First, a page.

The Terminal is a command line utility to your Mac, sort of what you might have heard about Linux, DOS and so on.
If you’re planning to become a kick-ass WordPress developer, you’re going to have to learn this tool. We’ll type in a few commands (which you can easily copy and paste) that will connect to your local MySQL server, create a new database for WordPress and then create a new MySQL user with access to that database. Ready?
mysql -uroot -proot CREATE DATABASE wordpress; GRANT ALL PRIVILEGES ON wordpress.* TO wp@localhost IDENTIFIED BY 'hello'; EXIT;
Don’t get too scared yet, it’s quite simple if you understand what each command does. The first one connects to our local MySQL server using root as the username (the -u argument) and root as the password (the -p argument.) These are the default settings in MAMP. Note that there is no space character between arguments and their values. If that gives an error, you should explicitly tell Terminal where the MySQL binary is (where you installed MAMP,) in my case it’s:
/Applications/MAMP/Library/bin/mysql -uroot -proot
If everything’s correct, the first command will open a MySQL command line (in the same Terminal window) to which you type in the rest of the commands or as they’re called SQL queries. The first query (second command) is straightforward — it will create a new database called wordpress and the second query will grant all possible privileges (read, write, delete, etc.) on every table in the wordpress database, to the wp user originating from localhost identified by the hello password.
The third query exits the MySQL shell, at which point you no longer need Terminal so feel free to close it. Here’s a screenshot from my Terminal to make sure you’ve done everything right:
As you might have guessed, the bolded words in the paragraphs above are the values we’re going to use when setting up WordPress, so we’re really close now!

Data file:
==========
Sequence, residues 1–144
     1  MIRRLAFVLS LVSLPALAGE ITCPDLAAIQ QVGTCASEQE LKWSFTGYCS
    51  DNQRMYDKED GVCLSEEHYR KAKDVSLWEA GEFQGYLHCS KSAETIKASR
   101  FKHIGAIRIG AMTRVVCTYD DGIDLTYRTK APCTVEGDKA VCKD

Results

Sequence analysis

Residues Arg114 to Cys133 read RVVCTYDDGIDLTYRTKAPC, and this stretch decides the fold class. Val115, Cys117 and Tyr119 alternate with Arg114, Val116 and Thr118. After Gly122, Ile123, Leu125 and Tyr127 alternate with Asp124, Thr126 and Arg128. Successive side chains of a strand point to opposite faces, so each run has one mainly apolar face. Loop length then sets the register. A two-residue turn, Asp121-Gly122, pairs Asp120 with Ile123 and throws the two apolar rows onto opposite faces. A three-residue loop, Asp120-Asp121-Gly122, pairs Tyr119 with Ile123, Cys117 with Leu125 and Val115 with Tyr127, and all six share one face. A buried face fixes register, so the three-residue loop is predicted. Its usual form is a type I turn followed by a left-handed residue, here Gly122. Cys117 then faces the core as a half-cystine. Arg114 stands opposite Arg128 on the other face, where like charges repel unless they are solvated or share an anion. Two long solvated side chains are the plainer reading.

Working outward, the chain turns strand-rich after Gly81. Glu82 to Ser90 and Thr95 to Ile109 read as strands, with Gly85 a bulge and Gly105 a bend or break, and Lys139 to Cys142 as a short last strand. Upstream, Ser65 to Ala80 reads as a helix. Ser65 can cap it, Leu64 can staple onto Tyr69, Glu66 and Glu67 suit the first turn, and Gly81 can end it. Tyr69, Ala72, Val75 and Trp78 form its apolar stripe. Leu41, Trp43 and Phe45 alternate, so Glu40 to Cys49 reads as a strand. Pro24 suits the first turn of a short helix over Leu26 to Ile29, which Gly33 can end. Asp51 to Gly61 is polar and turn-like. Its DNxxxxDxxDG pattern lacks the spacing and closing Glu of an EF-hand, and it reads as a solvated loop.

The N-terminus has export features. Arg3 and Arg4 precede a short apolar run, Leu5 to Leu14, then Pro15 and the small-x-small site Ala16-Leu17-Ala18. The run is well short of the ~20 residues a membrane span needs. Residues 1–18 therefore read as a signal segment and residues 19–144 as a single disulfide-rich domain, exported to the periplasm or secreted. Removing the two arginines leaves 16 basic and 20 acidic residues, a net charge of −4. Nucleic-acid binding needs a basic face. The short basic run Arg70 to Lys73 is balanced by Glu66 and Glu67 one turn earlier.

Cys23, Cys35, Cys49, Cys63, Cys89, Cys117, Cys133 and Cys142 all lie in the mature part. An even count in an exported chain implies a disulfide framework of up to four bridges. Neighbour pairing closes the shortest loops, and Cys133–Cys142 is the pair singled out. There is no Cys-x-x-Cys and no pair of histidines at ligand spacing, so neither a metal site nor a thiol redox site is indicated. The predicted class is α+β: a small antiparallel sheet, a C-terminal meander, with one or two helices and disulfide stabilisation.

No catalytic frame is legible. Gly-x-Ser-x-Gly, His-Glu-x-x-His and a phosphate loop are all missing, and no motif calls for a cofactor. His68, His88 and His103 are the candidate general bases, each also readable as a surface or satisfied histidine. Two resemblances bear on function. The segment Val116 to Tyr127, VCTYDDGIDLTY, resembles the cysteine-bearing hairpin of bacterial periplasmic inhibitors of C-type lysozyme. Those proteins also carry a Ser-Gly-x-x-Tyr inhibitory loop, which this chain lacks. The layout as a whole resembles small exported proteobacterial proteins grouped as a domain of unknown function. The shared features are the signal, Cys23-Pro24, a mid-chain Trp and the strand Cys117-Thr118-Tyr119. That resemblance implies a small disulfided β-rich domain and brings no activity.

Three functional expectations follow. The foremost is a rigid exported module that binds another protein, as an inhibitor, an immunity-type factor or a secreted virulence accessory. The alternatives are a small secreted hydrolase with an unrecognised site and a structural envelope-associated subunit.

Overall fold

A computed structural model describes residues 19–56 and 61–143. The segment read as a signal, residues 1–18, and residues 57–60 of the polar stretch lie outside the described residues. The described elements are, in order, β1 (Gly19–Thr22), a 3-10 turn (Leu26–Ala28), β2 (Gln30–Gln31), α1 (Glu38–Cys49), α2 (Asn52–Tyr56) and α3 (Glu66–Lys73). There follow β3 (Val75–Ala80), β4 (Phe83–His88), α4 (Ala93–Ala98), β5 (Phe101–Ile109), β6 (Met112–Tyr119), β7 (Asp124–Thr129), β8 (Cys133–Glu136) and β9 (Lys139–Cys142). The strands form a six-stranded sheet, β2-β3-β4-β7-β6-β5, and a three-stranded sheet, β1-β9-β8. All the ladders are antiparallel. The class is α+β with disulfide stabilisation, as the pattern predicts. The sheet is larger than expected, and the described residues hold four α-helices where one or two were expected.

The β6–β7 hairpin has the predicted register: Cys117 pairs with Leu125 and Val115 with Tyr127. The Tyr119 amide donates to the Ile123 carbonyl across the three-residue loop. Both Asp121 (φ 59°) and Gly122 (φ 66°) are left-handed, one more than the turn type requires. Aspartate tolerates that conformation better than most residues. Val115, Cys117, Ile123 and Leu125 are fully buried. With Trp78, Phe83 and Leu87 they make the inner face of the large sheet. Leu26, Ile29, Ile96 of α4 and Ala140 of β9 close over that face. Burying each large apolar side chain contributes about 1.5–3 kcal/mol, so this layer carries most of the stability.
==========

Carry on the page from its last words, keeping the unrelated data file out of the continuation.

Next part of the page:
Okay, I assume you already know where to get the latest version of WordPress. Download the ZIP archive and extract it to that document root directory. The one where we created our index.php file, remember? Note that the archive might (and probably will) extract an additional folder called wordpress with all the WordPress files inside. Feel free to move all the contents of that folder back to your document root and then delete the empty WordPress folder.
Now, open your browser and point your web browser to localhost again. This should bring up the WordPress welcome page and then on to your database settings, which you probably are familiar with already.
The database name, username, password fields are the ones we used when creating the user and database, remember? The host field is localhost because MySQL is running on the same computer (your computer) as the Apache web server. The table prefix is up to you. I generally leave it wp_ for local installs.
The rest is pretty straightforward, blog name, admin username, password and e-mail. After having filled those in you’re left with your brand new and empty WordPress installation, on your local machine, running MAMP. Congratulations!
I’d like to end this tutorial with a few short tips you might find useful when working with WordPress locally on MAMP.
- While MAMP itself is a lightweight application, when working for a long time without turning it off (and without restarting your computer,) it can get a little laggy and use too much memory. Kick it around from time to time.
- If ever needed, Apache and PHP configuration files are located in MAMP’s conf directory, that’s /Applications/MAMP/conf.
- Apache and PHP binaries and service scripts are available in MAMP’s bin directory, Apache, PHP and MySQL logs are in the logs folder (duh.)
- You don’t need MAMP PRO unless you’re 100% sure you do.
Final tip — whenever you become a MAMP ninja, don’t stop there! Your next goal is being able to run a local virtual machine with your favorite Linux distribution linked to your Mac OS X with a network file system or something similar. That would really get you closer to the real world hosting environments, and a better WordPress pro.
Thank you so much for reading, hope you enjoyed it and feel free to ask questions, post comments and come say hi on Twitter too. Cheers and thanks again!